SA’s food inflation remains high – EFPM report
Cape Town – The latest Essential Food Pricing Monitoring (EFPM) report from the Competition Commission reveals that while overall inflation has decreased, food inflation in South Africa remains nearly twice as high as the inflation rate for all goods and services.
The report highlights a phenomenon known as the “rocket and feather” effect, where retail prices rise quickly after wholesale costs increase but fall slowly when costs decrease.
This effect is observed in products like maize meal, cooking oil, and bread.
The Commission is actively monitoring essential food prices and investigating the factors contributing to food inflation, emphasising transparency in profit margins set by producers and retailers.
“This ensures transparency regarding the profit margins set by producers and retailers of these products. With upstream commodity prices declining in the first half of 2023, the Commission is now focusing on how quickly this translates into lower prices for consumers,” the Commission said in a statement.
Despite a decline in commodity prices in the first half of 2023, the report suggests that these price drops have not consistently translated into lower prices for consumers due to various cost pressures faced by producers and retailers.
Comparing South Africa to Canada, Ireland, and the UK, the report finds that local retailers are more profitable, potentially due to differences in competition levels.
“These reports assess trends in retail profits over the past three to four years. When comparing their findings to South Africa, we notice that local retailers are much more profitable than their counterparts in these countries. This could be due to various factors, including differences in the level of competition.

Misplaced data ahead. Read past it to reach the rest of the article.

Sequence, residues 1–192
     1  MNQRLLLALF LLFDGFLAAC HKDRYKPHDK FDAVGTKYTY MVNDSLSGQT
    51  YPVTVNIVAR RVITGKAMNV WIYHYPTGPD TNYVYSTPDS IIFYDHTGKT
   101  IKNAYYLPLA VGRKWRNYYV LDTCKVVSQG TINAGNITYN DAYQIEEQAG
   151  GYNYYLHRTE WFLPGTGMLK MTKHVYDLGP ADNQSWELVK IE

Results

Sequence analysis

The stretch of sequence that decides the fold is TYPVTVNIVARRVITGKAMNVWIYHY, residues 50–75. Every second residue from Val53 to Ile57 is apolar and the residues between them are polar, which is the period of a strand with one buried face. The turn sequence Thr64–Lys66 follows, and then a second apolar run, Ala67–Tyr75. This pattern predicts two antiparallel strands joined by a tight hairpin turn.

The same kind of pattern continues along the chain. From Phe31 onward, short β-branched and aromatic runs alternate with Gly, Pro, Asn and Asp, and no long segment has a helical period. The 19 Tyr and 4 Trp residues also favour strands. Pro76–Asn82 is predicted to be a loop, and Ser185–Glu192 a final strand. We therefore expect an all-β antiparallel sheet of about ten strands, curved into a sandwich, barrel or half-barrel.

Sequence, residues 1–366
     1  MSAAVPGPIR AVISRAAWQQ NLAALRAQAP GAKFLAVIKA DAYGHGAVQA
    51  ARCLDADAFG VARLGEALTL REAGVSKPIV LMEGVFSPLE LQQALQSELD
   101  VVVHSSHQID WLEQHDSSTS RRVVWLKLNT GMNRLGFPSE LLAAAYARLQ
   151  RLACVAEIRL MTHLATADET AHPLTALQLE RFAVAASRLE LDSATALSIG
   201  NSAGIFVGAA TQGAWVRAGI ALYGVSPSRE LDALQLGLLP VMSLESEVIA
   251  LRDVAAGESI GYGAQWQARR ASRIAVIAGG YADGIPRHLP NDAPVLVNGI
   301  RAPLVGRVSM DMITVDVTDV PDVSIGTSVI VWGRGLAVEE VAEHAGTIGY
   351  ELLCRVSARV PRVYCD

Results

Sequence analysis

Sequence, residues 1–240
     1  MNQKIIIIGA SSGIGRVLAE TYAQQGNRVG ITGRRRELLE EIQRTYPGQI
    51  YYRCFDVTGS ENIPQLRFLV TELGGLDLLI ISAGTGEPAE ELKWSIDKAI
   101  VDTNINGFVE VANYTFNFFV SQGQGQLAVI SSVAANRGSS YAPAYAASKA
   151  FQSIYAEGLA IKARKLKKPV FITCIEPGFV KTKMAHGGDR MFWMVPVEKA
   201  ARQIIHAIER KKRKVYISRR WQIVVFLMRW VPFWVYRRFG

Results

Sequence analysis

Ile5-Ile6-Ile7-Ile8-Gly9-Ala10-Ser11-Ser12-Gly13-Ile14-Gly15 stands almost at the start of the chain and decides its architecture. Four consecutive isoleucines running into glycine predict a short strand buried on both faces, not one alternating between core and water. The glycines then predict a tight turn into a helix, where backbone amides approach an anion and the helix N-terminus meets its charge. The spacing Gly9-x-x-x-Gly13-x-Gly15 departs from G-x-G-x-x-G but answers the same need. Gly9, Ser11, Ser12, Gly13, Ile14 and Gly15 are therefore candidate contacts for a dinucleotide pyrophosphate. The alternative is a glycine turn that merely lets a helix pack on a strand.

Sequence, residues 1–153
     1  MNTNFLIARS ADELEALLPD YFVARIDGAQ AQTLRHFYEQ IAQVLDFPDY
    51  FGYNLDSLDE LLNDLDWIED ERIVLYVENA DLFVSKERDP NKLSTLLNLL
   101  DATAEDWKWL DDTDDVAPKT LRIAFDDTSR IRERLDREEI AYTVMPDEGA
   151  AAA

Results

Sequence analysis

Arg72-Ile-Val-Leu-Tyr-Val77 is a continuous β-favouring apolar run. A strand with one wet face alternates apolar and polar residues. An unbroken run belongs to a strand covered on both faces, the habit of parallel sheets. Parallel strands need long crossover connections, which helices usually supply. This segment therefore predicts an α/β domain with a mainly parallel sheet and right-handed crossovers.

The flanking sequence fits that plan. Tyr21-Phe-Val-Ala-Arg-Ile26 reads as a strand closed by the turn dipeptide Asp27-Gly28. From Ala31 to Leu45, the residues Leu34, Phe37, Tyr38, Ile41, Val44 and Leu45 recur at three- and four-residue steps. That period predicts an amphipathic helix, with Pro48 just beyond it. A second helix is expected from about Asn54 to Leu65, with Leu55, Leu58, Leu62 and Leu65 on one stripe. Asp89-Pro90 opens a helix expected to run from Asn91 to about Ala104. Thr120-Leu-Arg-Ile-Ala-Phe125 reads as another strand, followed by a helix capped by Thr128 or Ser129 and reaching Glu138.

“Additionally, in some markets like the UK, retailer margins are decreasing, as discounters gain prominence, while in South Africa, margins increased between 2019 and 2022 before a recent decline primarily attributed to load shedding costs.
“This edition of the EFPM report also provides an overview of the work that has been done by other researchers, who have found evidence of the rocket and feather effect in local staple food value chains reviewed, where prices rise quickly during inflationary periods and decline slowly when inflation subsides,” the Commission said.
The report discusses the “rocket and feather” effect in local staple food value chains, where prices rise quickly during inflationary periods but decline slowly when inflation subsides, possibly indicating competition issues. Key findings include delayed price drops for bread, maize meal, and cooking oil despite falling commodity prices.
The EFPM report also addresses the South African beef sector, noting increasing concentration and vertical integration across the value chain. The number of commercial cattle farmers has significantly decreased, and the top 10 cattle feedlots now account for almost 70% of cattle. While weaner calve prices decreased in 2023, the retail price for beef cuts did not, resulting in retailers’ share of the shelf price reaching 40%, the highest since January 2021.